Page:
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The Journey is Difficult but the Destination is Delightful

My youngest son and I head out today for Indonesia with a total flight time of about thirty hours. My son is excited about being on a plane that long. I, on the other hand, dread it. Sometimes the travel can be excruciating, but the destination is worth it.


Sounds like life, doesn’t it? A former president of my seminary Alma Mater had daily migraine headaches, but he never complained. He “count[ed] it all joy” when he met his trials (James 1:2), because, as he would say, “The journey is difficult, but the destination will be delightful.” It was “the joy that was set before Him” that helped Jesus endure the cross, “despising its shame” (Hebrews 12:2). The Apostle Paul calls our trials, “light and momentary afflictions” that prepare for us “an eternal weight of glory beyond all comparison” (2 Corinthians 4:17).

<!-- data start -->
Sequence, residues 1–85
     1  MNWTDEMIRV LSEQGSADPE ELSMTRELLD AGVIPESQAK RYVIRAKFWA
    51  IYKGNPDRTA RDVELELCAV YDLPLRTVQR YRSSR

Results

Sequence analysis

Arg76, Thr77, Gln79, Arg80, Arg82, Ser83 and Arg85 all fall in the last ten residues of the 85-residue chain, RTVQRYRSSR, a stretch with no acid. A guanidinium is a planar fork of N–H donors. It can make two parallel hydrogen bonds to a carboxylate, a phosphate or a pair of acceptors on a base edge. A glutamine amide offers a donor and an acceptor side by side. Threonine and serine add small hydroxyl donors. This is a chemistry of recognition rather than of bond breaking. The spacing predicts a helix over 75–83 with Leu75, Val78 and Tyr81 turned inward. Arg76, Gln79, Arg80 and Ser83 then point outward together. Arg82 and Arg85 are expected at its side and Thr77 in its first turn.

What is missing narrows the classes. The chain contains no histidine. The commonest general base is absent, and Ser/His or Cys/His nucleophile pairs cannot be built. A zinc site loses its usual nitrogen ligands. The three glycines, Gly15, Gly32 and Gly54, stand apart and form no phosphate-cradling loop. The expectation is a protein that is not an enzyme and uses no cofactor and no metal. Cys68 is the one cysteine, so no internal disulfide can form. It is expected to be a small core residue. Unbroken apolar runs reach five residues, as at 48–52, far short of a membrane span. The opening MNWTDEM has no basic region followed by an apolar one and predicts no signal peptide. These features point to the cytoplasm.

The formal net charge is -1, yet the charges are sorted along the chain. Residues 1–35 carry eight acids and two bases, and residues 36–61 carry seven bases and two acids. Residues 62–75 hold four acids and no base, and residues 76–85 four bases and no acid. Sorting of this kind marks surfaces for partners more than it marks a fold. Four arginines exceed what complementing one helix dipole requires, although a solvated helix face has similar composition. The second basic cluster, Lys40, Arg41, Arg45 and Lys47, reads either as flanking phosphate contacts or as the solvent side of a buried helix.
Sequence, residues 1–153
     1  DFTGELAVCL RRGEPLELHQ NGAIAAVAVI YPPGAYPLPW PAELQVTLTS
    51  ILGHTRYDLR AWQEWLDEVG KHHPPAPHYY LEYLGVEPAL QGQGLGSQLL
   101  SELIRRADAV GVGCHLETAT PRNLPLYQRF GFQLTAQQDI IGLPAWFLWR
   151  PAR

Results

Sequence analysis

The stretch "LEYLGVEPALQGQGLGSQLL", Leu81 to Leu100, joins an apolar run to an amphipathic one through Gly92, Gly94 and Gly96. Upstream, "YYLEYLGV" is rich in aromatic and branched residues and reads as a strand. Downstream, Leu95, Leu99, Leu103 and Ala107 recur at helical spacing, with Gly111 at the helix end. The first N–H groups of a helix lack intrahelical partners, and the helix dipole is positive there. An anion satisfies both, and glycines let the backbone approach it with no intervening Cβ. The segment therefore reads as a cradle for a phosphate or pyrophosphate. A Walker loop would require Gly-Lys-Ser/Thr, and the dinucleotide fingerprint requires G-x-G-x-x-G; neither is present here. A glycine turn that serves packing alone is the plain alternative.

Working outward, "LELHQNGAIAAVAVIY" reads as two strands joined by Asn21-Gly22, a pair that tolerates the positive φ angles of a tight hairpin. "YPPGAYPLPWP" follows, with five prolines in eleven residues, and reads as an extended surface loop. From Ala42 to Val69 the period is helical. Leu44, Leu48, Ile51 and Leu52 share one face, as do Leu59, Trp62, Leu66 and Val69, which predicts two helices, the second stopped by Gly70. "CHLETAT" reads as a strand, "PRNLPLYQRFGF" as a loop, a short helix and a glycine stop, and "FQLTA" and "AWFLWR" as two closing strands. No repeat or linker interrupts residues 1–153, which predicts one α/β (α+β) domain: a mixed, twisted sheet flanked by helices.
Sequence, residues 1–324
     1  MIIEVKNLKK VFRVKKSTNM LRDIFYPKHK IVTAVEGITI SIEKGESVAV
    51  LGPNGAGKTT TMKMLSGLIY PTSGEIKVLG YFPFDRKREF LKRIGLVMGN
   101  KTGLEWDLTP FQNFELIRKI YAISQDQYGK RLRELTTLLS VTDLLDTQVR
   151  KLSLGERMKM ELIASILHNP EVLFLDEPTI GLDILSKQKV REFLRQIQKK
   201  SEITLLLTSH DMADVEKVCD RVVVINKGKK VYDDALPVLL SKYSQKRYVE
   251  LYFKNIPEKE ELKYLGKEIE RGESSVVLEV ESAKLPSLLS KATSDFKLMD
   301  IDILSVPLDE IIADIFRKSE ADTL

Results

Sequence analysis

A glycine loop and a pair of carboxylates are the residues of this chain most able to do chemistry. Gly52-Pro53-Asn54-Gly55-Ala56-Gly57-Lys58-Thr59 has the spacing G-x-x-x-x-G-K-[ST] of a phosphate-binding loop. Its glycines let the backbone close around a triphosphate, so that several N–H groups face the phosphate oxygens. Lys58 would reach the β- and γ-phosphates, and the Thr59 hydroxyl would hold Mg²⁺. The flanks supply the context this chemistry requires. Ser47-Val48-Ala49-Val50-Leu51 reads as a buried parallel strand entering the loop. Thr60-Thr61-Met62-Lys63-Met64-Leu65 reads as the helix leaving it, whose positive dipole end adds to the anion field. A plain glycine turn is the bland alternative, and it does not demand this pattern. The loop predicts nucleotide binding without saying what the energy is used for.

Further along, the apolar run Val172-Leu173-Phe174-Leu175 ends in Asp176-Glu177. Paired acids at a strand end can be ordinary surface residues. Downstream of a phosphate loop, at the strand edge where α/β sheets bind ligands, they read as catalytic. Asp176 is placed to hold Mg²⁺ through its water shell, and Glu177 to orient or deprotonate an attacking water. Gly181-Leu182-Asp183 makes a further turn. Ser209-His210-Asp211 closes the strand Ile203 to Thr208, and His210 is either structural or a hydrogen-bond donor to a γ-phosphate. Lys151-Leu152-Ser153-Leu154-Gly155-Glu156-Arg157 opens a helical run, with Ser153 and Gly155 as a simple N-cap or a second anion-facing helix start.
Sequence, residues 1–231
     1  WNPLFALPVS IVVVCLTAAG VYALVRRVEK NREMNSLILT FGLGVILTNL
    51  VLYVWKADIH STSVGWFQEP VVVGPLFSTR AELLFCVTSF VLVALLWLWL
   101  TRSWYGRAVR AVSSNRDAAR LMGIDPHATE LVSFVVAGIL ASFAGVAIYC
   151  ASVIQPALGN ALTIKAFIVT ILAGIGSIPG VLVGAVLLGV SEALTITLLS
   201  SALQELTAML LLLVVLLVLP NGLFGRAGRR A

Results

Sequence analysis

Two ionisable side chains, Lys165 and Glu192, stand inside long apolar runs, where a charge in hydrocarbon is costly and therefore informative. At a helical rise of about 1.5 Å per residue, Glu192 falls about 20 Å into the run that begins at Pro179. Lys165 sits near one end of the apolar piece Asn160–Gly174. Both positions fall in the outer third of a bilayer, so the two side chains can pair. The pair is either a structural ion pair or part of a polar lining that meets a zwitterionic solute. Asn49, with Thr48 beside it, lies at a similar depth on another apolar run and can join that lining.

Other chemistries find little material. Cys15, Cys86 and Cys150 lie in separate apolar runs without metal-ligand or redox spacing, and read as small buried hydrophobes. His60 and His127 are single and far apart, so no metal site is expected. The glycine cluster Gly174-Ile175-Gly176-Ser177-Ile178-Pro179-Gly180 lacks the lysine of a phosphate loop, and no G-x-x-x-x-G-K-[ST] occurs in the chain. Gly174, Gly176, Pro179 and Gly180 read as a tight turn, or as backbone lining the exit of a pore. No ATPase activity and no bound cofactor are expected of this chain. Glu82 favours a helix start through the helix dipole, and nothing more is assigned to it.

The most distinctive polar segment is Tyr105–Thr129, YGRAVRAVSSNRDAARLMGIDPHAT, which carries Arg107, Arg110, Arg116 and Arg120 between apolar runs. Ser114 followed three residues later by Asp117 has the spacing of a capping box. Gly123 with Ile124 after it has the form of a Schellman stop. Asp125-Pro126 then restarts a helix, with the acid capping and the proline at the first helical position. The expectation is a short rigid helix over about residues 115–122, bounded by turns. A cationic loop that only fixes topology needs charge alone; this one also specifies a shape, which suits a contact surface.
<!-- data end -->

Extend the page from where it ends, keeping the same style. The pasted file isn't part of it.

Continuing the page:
It’s hard to look beyond the journey to the joy set before us, which is our delightful destination and our eternal weight of glory. This week I’ve had some extremely challenging meetings, and at times it’s hard not to lose heart (2 Corinthians 4:1, 16). If I lose my focus, I lose my way. If I only see a thirty-hour flight of insomnia on a cramped airplane, I lose my anticipation of when the wheels will touch ground and we arrive.


One day we will arrive in our heavenly dwelling place. One day the tent that is our earthly home will be destroyed, and we will have “a house not made with hands, eternal in the heavens” (2 Corinthians 5:1). Even though we may groan, “longing to put on our heavenly dwelling,” we will be “of good courage” (2 Corinthians 5:2, 6). And whatever our circumstances, what is our aim? “We make it our aim to please Him” (2 Corinthians 5:9).


Will I please the Lord on those flights from Indianapolis to Chicago to Hong Kong to Singapore to Jakarta and to Yogyakarta? Or will I grumble and complain about not being able to sleep or about it being too cold or too hot, or I don’t like the food, or I have to sit next to a guy who keeps elbowing me in the ribs? Will I please the Lord in good times and bad as I go through what is sometimes a painful journey?